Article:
In the dark of the early morning on the day his team was to win the national championship and save Cincinnati from the extravagance of being champion three years in a row, Loyola Coach George Ireland got out of bed at Louisville's Sheraton Hotel and headed for the shower. "I can't sleep," he told his wife Gertrude. "Every time I close my eyes I see basketball players running up and down the floor." "I do, too," said Gertrude, "so while you're up, bring me a glass of ice water, will you please? My mouth is dry." Down the hall in another room, their daughter Kathy, who leads cheers for the Loyola team and who is herself an aspiring insomniac, put a pillow over her pretty ears in a last-ditch effort to shut out the Cincinnati fans singing Jesus Loves Me at an irreverent pitch in the room next door. She tried to say her prayers and found it was no use because "I kept seeing myself kicking up another Loyola cheer: 'one, two, one-two-three....' "
Not too long after that, Coach Ireland dressed and went downstairs for a team meeting, only to discover he was an hour early. He came back up again. "I've got the best basketball team in the country," he announced to his wife. "I know you do, George," she said. "Tonight we'll prove it," he said. "But, oh, boy, what a critical audience to have to play to—750 coaches—and their wives." Gertrude Ireland laughed.
Meanwhile, around the corner at the Kentucky Hotel in an executive suite 12 stories higher than Ireland's room at the Sheraton, Coach Ed Jucker of Cincinnati got up from what he said had been a "good night's sleep" and busied himself with final preparations for his team's defense of the championship. "No one has ever won three in a row." he said, "and we want to very badly. I feel we can." If he had dreamed, it would surely not have been of these things: of his impregnable, imperturbable, grade-A homogenized Bearcats frittering away a 15-point lead—quickly, like sugar pouring through a hole in a sack: of the Bearcats making more fielding mistakes than Marv Throneberry, getting into bad foul trouble, failing to call time out when 19,153 second-guessers (including the 750 coaches in town for their annual meeting) at Freedom Hall knew it was the only thing to do, lurching into overtime with the play taken away from them, being upstaged in the final scene by somebody else's stall tactics, and, in the very last second of an overtime period, losing to Loyola of Chicago 60-58. That's not the stuff of dreams, it's the stuff of nightmares. It is also exactly what happened to Ed Jucker's Cincinnati team last weekend in Louisville.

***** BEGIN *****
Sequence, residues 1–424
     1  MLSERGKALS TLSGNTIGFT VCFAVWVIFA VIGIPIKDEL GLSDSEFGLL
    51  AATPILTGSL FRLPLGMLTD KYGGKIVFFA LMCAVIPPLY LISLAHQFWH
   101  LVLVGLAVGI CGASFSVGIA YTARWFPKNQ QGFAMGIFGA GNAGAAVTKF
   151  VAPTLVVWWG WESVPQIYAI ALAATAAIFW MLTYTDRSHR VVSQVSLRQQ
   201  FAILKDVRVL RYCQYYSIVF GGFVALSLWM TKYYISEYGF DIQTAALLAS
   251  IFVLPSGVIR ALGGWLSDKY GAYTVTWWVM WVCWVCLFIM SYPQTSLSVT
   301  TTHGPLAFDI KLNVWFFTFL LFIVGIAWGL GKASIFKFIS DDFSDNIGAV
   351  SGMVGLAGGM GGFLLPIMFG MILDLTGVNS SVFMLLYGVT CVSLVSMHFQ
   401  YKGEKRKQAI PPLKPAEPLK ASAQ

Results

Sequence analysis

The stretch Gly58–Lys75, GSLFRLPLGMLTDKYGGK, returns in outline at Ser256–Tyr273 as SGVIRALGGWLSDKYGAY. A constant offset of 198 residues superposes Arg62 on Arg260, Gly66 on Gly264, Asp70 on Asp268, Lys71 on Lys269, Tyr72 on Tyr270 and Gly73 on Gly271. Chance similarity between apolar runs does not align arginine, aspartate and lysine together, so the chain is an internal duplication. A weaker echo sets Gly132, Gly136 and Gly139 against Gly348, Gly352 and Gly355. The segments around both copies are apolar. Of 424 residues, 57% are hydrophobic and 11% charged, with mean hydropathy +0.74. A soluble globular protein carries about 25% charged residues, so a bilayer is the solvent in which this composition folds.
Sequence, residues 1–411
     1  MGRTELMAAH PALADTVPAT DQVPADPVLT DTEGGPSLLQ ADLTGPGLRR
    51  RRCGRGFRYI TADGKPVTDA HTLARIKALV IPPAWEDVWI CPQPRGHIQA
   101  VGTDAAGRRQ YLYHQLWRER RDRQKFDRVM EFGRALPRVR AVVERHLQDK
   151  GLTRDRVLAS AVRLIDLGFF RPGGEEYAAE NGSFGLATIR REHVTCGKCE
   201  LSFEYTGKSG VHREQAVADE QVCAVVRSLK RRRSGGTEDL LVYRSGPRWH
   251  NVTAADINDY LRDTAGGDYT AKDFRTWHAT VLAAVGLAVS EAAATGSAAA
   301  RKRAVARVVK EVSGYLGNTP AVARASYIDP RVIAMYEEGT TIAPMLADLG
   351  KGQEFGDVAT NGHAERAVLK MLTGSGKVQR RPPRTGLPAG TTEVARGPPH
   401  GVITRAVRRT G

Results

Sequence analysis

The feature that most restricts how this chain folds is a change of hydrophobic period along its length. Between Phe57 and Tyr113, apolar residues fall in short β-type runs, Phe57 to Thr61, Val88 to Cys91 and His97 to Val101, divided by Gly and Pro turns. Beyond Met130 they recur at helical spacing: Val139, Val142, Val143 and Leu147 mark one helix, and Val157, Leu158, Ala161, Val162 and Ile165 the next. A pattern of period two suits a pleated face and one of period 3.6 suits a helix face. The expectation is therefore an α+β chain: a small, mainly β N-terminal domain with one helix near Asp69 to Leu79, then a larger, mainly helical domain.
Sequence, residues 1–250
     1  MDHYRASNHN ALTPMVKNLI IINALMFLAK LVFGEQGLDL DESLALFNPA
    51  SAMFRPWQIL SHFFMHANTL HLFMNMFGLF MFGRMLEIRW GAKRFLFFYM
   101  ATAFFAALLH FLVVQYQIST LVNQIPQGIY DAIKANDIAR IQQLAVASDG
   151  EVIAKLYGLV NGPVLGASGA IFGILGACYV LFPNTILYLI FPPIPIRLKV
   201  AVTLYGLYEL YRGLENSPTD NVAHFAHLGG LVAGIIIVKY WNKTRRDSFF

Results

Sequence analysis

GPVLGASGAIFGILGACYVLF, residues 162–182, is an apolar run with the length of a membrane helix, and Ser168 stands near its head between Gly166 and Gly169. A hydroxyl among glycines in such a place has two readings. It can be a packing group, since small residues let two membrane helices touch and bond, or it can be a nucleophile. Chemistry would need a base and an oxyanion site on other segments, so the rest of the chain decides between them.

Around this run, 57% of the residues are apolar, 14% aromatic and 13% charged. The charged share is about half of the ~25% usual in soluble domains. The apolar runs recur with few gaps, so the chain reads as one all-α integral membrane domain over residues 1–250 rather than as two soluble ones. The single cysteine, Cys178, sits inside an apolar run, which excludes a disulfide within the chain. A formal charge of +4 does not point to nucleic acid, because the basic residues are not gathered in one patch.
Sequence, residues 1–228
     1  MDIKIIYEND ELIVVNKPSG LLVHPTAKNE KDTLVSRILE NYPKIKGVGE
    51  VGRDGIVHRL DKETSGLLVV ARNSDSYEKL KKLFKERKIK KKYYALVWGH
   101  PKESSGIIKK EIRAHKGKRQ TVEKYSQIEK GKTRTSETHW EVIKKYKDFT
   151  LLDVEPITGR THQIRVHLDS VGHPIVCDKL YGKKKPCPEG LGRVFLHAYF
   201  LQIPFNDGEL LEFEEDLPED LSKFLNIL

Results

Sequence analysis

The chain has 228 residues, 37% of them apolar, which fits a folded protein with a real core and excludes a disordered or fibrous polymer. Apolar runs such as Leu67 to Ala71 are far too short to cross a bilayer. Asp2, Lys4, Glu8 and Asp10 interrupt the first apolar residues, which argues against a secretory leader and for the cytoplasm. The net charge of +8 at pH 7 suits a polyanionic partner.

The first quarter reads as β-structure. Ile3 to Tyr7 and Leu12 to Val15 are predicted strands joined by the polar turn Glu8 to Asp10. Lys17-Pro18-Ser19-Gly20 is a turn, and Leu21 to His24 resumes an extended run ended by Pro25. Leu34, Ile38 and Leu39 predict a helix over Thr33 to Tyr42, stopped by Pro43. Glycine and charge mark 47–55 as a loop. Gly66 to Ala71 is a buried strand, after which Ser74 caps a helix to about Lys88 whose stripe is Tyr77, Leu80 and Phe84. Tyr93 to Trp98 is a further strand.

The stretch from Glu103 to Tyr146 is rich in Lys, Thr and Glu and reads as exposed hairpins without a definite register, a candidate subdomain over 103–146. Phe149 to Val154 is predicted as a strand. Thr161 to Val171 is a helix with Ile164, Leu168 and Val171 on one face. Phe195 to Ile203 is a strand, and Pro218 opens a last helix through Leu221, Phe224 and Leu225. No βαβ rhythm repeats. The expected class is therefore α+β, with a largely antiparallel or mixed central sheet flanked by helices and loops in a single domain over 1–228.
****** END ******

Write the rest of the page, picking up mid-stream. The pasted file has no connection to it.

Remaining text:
Up to the moments of that crushing climax, Louisville had belonged to Jucker's favored Bearcats. A lapel was not stylish if it wasn't pinned with a "Cincy" button, and if you were undecided, the hawkers along Fourth Street would sell you an "I Like Sex" badge, same price. Jucker's boys peered out from glossy pictures in jewelry store windows. The handsome Jucker family (wife and four kids) smiled two columns wide from the pages of The Courier-Journal and the coach was revealed to be a "chicken-and-ham" eater.
The town was alive to the prospect of seeing Jucker's expert stylists match up with Loyola or Duke, the speed entries, in the championship game (Oregon State simply did not figure to have a chance in its Friday night semifinal with the Bearcats). You couldn't buy a ticket either night even if you were Happy Chandler. One Cincinnati group of 13 had reserved hotel rooms a year ago—but didn't have seat one in Freedom Hall for Friday. Another Cincinnati rooter, a lady, walked around town with a sign hung around her neck: "Wanted, desperately, two tickets for tonight."